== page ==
Kim Jong-un is believed to have ordered the total elimination of his uncle’s biological relatives.

The terrifying purge reportedly started straight after Jang Sung-Taek’s execution and is to demonstrate the Kim Jong Un's "decisiveness."

The North Korean leader is said to be clamping down on any type of mutiny with a brutal iron fist.

jang song thaek

Television moitors displayed at the Yongsan electronic market shows the news of Jang Song-thaek's excution in Seoul

“Multiple” sources in Pyongyang told the Seoul-based Yonhap news agency that the executed relatives include Jang's sister Kye-sun, her husband and ambassador to Cuba, Jon Yong-jin, the ambassador to Malaysia, Jang Yong-chol, who is Jang's nephew, as well as his two sons, the sources said.

Underage sons and daughters and even grandchildren of the abovementioned officials were also reportedly killed.

Yonhap’s source said that some victims put up resistance while being dragged out of their apartments and were shot dead “in front of other people”.

Jang, a once powerful North Korean military general, was executed last month as divisions between him and his nephew Kim widened.

Officials referred to Jang as "worse than a dog" and "human scum" in his announcement of his execution, which he said was for treachery and betrayal.

South Korean President Park Geun-Hye has already said the South fears a wave of purges would follow the execution, as 30-year-old Kim seeks to further cement his leadership.

"North Korea is now engaged in a reign of terror while carrying out a massive purge to consolidate the power of Kim Jong-Un," she told a cabinet meeting.

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  • North Korean leader Kim Jong Un, center, attends an inauguration ceremony for a cemetery for Korean War veterans on Thursday, July 25, 2013 in Pyongyang, North Korea marking the 60th anniversary of the signing of the armistice that ended hostilities on the Korean peninsula. (AP Photo/Kyodo News)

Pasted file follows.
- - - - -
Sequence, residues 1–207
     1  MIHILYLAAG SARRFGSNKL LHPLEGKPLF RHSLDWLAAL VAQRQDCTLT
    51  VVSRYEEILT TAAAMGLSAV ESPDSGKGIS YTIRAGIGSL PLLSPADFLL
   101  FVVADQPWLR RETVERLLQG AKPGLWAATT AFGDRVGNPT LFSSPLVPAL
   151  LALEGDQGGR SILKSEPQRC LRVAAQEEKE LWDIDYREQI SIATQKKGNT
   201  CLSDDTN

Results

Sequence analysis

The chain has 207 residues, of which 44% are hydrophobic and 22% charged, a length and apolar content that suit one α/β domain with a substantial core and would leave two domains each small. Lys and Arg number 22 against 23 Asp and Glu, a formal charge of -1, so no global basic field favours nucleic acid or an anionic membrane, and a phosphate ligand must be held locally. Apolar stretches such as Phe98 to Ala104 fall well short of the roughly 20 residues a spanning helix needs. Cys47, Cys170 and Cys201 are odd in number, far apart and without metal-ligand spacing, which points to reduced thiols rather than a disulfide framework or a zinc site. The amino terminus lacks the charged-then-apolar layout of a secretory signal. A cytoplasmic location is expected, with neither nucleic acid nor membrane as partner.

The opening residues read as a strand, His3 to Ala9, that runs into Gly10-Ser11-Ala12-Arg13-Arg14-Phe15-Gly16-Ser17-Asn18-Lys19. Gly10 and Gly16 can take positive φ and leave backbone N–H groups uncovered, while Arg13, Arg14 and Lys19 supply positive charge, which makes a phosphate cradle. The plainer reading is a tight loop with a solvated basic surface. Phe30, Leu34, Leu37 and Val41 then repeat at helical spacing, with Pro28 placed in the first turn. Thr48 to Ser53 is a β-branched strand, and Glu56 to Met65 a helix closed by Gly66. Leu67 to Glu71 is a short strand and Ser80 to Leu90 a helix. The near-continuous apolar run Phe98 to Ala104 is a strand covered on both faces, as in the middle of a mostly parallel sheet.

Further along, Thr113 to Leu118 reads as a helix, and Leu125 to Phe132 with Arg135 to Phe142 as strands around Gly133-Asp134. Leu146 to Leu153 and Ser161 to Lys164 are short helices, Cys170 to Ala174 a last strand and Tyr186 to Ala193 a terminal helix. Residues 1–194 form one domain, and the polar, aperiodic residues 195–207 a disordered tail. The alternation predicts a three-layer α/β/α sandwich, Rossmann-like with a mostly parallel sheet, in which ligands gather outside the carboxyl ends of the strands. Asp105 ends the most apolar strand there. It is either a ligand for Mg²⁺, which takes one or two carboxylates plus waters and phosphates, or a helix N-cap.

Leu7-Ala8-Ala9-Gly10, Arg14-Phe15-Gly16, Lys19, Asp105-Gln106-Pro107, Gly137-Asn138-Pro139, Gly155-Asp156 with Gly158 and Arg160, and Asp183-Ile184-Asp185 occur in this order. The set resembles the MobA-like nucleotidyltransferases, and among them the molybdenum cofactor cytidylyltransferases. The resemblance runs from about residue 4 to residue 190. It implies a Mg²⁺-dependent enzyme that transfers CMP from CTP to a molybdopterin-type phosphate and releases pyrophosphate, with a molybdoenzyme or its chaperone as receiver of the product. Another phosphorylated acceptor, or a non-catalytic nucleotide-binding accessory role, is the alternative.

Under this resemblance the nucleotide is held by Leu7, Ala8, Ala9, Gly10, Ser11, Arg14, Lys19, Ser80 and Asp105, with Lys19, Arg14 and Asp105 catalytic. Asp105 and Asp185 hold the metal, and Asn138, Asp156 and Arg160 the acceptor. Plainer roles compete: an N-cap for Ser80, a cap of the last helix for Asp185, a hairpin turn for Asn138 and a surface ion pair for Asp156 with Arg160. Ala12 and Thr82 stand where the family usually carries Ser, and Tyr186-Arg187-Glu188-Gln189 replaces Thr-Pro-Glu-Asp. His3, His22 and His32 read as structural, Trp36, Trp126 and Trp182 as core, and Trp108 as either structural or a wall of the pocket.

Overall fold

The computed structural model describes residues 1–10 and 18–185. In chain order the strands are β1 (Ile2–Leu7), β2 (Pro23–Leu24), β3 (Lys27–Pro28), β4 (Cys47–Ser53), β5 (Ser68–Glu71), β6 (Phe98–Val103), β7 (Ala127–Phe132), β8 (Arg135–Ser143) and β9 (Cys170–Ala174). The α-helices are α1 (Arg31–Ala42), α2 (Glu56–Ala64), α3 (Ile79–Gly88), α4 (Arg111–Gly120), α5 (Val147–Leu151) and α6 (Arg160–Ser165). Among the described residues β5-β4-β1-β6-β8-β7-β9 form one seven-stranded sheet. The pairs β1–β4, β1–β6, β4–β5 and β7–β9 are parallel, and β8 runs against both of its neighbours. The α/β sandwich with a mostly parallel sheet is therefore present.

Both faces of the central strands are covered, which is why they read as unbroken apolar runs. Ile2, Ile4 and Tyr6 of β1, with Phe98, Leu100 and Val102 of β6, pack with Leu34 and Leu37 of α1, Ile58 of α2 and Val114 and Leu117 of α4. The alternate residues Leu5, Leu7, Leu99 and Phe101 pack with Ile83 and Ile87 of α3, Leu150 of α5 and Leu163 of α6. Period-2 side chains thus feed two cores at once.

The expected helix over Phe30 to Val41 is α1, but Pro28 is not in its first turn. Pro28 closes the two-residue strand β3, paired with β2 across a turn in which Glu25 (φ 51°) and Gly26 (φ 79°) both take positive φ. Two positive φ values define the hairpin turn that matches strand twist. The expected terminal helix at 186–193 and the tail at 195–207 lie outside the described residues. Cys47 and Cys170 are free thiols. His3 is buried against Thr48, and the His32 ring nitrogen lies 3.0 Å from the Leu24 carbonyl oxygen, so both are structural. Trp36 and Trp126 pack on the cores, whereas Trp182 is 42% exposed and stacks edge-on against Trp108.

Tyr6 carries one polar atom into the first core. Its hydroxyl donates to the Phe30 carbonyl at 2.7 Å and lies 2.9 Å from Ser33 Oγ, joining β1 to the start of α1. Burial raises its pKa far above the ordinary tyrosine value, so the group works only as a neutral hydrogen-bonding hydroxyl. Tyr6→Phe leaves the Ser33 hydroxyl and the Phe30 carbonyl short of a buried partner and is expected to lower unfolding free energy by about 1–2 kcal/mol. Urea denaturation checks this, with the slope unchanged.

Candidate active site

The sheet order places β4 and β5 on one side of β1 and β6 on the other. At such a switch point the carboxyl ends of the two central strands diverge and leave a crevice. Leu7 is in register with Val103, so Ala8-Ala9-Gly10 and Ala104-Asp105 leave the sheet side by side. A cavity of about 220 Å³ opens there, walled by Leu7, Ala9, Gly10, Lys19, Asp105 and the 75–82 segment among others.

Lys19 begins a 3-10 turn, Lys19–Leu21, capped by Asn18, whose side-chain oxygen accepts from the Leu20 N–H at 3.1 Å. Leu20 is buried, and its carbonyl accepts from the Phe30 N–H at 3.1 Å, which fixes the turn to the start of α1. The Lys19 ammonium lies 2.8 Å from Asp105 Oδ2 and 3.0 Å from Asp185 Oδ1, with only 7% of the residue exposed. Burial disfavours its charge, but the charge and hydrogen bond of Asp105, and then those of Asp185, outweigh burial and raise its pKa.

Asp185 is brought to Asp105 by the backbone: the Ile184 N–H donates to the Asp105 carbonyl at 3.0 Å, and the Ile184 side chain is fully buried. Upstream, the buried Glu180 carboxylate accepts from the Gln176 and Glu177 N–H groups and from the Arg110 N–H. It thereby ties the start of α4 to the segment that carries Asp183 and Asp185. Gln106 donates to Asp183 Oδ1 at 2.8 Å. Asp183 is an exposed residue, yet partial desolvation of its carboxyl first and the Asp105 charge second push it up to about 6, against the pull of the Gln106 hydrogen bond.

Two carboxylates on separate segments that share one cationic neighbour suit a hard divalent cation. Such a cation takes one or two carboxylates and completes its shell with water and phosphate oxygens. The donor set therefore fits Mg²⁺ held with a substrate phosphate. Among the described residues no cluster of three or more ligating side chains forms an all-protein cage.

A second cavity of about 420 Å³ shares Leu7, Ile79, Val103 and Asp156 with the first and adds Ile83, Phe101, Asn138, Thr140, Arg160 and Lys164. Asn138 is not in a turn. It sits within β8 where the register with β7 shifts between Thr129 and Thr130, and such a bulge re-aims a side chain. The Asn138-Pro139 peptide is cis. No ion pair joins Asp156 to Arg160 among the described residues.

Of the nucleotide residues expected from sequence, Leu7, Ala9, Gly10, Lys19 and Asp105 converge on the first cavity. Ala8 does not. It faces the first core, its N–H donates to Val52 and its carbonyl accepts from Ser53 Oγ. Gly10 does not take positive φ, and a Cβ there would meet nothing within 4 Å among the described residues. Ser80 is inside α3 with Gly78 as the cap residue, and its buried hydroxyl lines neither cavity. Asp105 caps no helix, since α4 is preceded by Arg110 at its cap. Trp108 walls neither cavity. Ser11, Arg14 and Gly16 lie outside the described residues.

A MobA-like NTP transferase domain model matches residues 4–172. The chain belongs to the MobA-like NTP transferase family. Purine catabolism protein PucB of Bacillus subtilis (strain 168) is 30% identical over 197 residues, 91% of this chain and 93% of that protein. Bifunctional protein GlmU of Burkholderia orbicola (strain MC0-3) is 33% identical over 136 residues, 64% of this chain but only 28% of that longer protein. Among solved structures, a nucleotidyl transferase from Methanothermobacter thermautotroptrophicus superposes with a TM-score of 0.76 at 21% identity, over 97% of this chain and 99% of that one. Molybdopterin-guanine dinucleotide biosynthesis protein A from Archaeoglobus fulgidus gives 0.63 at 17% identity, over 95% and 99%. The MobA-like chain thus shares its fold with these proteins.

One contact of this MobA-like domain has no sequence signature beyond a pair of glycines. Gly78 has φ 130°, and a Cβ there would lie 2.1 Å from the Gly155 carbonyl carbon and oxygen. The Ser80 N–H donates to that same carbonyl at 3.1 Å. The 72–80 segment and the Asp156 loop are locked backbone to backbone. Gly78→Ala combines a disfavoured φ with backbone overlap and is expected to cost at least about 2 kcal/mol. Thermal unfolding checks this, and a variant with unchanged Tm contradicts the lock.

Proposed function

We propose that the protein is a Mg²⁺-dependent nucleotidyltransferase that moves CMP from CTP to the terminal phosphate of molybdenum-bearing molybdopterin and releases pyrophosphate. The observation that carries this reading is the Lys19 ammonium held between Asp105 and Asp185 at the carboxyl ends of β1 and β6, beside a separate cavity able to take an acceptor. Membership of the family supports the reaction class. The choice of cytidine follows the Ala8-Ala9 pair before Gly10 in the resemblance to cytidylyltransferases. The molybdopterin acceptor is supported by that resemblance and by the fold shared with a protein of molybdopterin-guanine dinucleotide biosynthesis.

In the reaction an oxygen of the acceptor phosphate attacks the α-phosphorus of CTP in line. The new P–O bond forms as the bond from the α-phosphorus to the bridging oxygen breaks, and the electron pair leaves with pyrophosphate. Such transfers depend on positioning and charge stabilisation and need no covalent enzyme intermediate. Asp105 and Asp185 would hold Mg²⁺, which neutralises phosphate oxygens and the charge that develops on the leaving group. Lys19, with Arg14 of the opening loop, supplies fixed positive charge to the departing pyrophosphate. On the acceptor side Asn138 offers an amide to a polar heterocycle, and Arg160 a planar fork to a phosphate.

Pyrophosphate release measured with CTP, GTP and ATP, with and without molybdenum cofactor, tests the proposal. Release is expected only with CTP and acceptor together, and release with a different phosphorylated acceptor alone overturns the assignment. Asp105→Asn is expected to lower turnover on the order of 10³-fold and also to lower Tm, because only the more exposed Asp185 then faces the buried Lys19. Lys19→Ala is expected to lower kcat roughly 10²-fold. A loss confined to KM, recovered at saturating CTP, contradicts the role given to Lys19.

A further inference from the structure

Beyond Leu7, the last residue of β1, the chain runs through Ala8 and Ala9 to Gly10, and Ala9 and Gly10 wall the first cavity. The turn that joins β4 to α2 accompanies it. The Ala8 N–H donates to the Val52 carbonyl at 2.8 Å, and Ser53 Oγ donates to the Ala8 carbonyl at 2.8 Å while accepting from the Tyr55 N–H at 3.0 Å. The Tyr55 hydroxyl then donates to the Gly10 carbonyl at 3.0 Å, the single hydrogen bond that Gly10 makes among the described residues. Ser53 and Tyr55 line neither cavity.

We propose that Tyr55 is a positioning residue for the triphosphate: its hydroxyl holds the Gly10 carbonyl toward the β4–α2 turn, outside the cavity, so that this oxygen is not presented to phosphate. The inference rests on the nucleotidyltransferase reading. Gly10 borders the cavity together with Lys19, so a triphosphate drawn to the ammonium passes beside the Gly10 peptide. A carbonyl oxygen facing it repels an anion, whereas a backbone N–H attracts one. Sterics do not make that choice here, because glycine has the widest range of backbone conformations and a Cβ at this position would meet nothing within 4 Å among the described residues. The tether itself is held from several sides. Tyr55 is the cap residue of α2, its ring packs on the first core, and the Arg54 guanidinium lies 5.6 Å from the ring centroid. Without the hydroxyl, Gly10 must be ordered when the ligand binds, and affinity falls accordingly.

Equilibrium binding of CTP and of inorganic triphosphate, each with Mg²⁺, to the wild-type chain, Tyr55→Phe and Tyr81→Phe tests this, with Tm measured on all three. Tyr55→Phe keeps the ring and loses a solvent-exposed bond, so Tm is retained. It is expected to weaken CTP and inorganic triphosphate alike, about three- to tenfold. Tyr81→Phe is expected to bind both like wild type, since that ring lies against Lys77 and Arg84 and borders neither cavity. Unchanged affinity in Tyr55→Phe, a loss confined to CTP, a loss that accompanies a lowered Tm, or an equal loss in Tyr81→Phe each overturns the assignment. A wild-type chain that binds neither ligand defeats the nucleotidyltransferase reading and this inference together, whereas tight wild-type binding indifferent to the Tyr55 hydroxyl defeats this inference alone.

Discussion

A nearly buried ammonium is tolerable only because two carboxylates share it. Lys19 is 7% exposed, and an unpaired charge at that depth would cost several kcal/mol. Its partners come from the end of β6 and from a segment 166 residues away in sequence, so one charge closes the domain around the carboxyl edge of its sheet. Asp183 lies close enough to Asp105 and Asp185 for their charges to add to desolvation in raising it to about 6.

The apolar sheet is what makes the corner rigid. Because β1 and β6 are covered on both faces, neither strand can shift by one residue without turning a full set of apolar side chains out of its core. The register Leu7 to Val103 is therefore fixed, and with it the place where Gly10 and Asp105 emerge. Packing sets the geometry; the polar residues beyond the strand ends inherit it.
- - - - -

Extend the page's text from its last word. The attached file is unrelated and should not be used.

• North Korean leader Kim Jong Un, center, walks through a cemetery for Korean War veterans on Thursday, July 25, 2013 in Pyongyang, North Korea marking the 60th anniversary of the signing of the armistice that ended hostilities on the Korean peninsula. (AP Photo/Kyodo News)

  • North Korean leader Kim Jong-Un (R) arrives to attend the inauguration of a Korean war military cemetery in Pyongyang on July 25, 2013. (Ed Jones/AFP/Getty Images)

  • North Korean soldiers applaud during the arrival of the country's leader Kim Jong-Un at the inauguration of a Korean war military cemetery in Pyongyang on July 25, 2013. (Ed Jones/AFP/Getty Images)

  • North Korean leader Kim Jong-Un (L) looks at tombstones during the inauguration of a Korean war military cemetery in Pyongyang on July 25, 2013. (Ed Jones/AFP/Getty Images)

  • North Korean leader Kim Jong-Un (2nd R) arrives to attend the inauguration of a Korean war military cemetery in Pyongyang on July 25, 2013. (Ed Jones/AFP/Getty Images)

  • North Korean leader Kim Jong-Un (C) arrives to attend the inauguration of a Korean war military cemetery in Pyongyang on July 25, 2013. (Ed Jones/AFP/Getty Images)

  • North Korean leader Kim Jong Un arrives at the cemeteries of fallen fighters of the Korean People's Army (KPA) on Thursday, July 25, 2013 in Pyongyang, North Korea as part of ceremonies marking the 60th anniversary of the signing of the armistice that ended hostilities on the Korean peninsula. (AP Photo/Wong Maye-E)

  • North Korean leader Kim Jong Un, center, salutes during an opening ceremony for a cemetery for Korean War veterans on Thursday, July 25, 2013 in Pyongyang, North Korea marking the 60th anniversary of the signing of the armistice that ended hostilities on the Korean peninsula. (AP Photo/David Guttenfelder)